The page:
Mary's musings

Mary Hoffman, author of over 90 children's books, including the Stravaganza series and Amazing Grace, has begun a web journal which will be updated roughly once a week. You can read more on

Friday, May 29, 2009

Bill Nighy, Margaret Thatcher, my mother

And now possibly me. All with a condition where the middle fingers curl towards the palm. Maggie and my mum had operations, privately in the former case, on the NHS in the latter. Bill Nighy hasn't. I will like a shot if I'm right and the condition really sets in. It's annoyingly in my right hand. Oh to be ambidextrous - or at least to touch type!

I'm back from Italy, covered in mosquito bites. On the Trieste coast, it was hotter than it had been in any May "since records began." I was writing my adult novel, proofreading my daughter's latest and generally having good bookchats with two writer friends.

Last year we were making hot water bottles at night; this time it was so hot and airless even a cotton sheet was too much.

Before I left I went to a booklaunch for Leslie Wilson's Saving Rafael, where there were several friends from the "other" SAS. I met a splendid teenager who was doing her GCSEs but had also taken part in a NaNoWriMo. Quite an achievement for a full-time school student.

I also went to the SCBWI retreat in Staffordshire to give two talks - one on writing across the age range and one on how to manage a writing career. Funnily enough the two editors who were offering critiques to would-be-published children's writers were both ones I had some knowledge of, one them my daughter's new editor.

As a wise friend of mine said, "When you start in this business, the editors seem like your mothers; then time passes and they are your contemporaries;finally they are the same age as your grown-up daughters!" And I suppose you could add grand-daughters if, like me, you are a writer who will never retire.

SCBWI has a good track record for its members becoming published; I met one who had been given a three-book deal with my own publisher.

On the subject of which, I forgot to say that my editor loves City of Ships. Careless of me. Her edits will come any day and have to be done by the end of June so I shall be busy. And I have a nice Dutch offer for Troubadour and an invitation to speak at some schools in Paris next term.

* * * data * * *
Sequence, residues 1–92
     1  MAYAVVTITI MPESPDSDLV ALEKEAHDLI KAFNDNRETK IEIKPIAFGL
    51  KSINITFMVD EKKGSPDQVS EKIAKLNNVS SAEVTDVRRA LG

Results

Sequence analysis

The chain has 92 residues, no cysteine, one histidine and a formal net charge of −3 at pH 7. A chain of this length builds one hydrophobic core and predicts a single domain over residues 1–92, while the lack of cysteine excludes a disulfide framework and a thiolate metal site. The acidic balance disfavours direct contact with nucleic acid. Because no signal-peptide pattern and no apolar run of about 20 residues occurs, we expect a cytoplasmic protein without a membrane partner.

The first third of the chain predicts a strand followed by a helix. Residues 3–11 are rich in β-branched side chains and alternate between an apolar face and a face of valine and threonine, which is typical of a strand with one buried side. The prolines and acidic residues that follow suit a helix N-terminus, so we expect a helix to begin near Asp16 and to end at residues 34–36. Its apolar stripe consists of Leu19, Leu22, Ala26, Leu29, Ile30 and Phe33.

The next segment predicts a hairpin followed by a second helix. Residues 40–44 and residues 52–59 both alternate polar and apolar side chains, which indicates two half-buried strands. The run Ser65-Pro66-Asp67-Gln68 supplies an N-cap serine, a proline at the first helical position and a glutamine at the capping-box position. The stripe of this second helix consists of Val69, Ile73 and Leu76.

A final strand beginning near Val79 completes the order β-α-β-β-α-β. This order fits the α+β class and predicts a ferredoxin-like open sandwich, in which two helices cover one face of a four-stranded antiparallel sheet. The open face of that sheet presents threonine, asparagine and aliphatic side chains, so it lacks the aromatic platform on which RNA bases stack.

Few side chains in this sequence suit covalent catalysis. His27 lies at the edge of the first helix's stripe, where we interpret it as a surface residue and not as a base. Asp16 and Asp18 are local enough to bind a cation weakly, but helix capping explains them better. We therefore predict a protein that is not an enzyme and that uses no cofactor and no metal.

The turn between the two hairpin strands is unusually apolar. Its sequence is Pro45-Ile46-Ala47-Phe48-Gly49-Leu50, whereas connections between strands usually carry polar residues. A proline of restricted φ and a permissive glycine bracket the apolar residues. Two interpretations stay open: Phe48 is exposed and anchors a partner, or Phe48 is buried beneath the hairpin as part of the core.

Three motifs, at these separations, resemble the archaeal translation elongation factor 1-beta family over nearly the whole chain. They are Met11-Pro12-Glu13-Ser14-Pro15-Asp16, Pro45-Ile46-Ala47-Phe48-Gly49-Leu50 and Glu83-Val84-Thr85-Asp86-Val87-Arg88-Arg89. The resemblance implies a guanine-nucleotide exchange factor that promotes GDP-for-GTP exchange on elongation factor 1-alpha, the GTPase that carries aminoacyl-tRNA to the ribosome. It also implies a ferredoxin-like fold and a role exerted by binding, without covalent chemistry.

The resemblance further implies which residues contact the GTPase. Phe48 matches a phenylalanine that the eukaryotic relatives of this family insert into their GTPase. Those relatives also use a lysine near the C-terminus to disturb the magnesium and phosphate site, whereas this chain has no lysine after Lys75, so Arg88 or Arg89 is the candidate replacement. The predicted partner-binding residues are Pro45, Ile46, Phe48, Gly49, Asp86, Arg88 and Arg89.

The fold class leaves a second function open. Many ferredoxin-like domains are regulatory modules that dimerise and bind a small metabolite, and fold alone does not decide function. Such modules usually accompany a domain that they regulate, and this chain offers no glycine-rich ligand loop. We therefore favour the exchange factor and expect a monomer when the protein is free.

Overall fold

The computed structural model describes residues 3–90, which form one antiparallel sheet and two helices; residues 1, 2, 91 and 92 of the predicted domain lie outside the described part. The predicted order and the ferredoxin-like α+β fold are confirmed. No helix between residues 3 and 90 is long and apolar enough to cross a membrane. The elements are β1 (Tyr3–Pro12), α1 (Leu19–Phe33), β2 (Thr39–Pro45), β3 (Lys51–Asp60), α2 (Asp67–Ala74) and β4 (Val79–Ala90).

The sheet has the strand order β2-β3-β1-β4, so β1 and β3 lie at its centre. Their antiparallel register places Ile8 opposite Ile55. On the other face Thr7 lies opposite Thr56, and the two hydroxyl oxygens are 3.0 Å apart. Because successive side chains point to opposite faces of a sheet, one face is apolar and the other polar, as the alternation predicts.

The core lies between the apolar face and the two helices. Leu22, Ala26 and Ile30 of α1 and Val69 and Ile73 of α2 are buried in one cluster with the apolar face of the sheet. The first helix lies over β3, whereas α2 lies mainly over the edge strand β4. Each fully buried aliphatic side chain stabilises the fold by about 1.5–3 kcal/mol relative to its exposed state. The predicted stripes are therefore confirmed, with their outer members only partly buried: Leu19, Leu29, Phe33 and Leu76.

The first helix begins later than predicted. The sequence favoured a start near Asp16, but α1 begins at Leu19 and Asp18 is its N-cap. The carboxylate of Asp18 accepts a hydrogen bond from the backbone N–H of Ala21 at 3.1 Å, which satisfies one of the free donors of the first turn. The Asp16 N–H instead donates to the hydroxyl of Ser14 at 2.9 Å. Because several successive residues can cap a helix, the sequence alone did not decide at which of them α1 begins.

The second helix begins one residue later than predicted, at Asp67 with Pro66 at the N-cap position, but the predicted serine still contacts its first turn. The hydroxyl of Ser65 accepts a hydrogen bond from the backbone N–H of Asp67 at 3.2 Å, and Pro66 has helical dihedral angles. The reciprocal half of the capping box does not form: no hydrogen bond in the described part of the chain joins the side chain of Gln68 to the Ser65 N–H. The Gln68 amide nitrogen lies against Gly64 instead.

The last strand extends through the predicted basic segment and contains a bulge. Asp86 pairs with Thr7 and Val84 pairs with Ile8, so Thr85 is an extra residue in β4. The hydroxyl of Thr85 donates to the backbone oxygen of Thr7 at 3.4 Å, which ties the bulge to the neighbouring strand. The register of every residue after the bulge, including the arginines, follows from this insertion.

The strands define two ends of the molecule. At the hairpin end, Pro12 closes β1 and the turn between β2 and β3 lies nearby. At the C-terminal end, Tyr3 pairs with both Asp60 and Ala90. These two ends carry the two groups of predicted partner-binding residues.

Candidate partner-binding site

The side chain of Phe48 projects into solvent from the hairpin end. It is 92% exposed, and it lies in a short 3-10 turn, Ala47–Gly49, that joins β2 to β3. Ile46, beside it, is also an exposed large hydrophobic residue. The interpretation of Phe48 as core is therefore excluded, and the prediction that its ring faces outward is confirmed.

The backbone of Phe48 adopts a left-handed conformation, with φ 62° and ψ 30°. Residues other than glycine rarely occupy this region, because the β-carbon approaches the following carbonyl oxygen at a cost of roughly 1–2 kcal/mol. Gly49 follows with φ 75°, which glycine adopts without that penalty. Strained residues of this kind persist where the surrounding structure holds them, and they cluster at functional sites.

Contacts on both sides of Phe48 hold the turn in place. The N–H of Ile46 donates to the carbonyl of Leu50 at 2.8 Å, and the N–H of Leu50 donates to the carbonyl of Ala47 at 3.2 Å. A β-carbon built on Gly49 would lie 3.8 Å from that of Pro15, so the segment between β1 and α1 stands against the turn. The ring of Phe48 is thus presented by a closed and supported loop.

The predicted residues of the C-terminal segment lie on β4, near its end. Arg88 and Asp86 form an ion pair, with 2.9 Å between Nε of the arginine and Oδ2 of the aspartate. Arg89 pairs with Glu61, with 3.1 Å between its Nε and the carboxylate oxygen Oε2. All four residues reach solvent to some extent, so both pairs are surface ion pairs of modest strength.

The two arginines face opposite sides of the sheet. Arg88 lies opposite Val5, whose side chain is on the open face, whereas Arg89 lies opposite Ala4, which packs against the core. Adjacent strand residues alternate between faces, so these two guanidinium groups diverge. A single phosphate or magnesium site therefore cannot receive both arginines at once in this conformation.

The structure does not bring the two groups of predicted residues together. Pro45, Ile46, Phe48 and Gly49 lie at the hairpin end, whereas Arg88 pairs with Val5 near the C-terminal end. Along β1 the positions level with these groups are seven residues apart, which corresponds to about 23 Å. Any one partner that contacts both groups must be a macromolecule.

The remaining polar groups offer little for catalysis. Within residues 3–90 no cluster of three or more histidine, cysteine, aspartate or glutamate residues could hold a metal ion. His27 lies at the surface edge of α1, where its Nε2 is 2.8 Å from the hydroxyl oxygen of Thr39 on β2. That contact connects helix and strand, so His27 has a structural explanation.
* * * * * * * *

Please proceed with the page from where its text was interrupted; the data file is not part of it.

In Italy I read Kate Atkinson's When will there be good news? which was so compelling that I stayed up till 2am one night to finish it and then handed it to one of my friends because I was so desperate to discuss the ending with someone! I didn't feel the ending was completely incredible as with One Good Turn but I DID want to know HOW what happened had happened.

I also semi-read Salmon Fishing in the Yemen, but there was a bit too much about salmon for me.

Since being back I've finished Somewhere towards the end, Diana Athill's prize-winning memoir of old age. I liked it much better than Stet.

I saw with a terrible feeling of imminent deprivation, the last episode of ER last night. It does feel like parting with dear friends, even though I didn't much like some of them.

In Italy we went to see the lovely little castle at Duino, where Rilke wrote at least two of the Elegies. He had his own terrace, two in fact, where he wrote, looking out over the sea and the cliff with the ruined castle where the White Lady rock commemorates a woman who was thrown over the cliff by a jealous husband. She was turned mid-air into the rock and resumed human shape at night to visit her child.

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Monday, May 11, 2009

The world needs lerts

Busy week: Two trips to London, two to Birmingham, two to Witney, one to Essex and one to Hampshire. And yes that's eight in seven days so Saturday was London and Birmingham!

The first London trip was to see the film of Coraline, which I blogged about at (no dot after www). Essex and the other London trips were all part of helping youngest daughter complete and hand in her final Architecture portfolio, which happened this morning - hooray!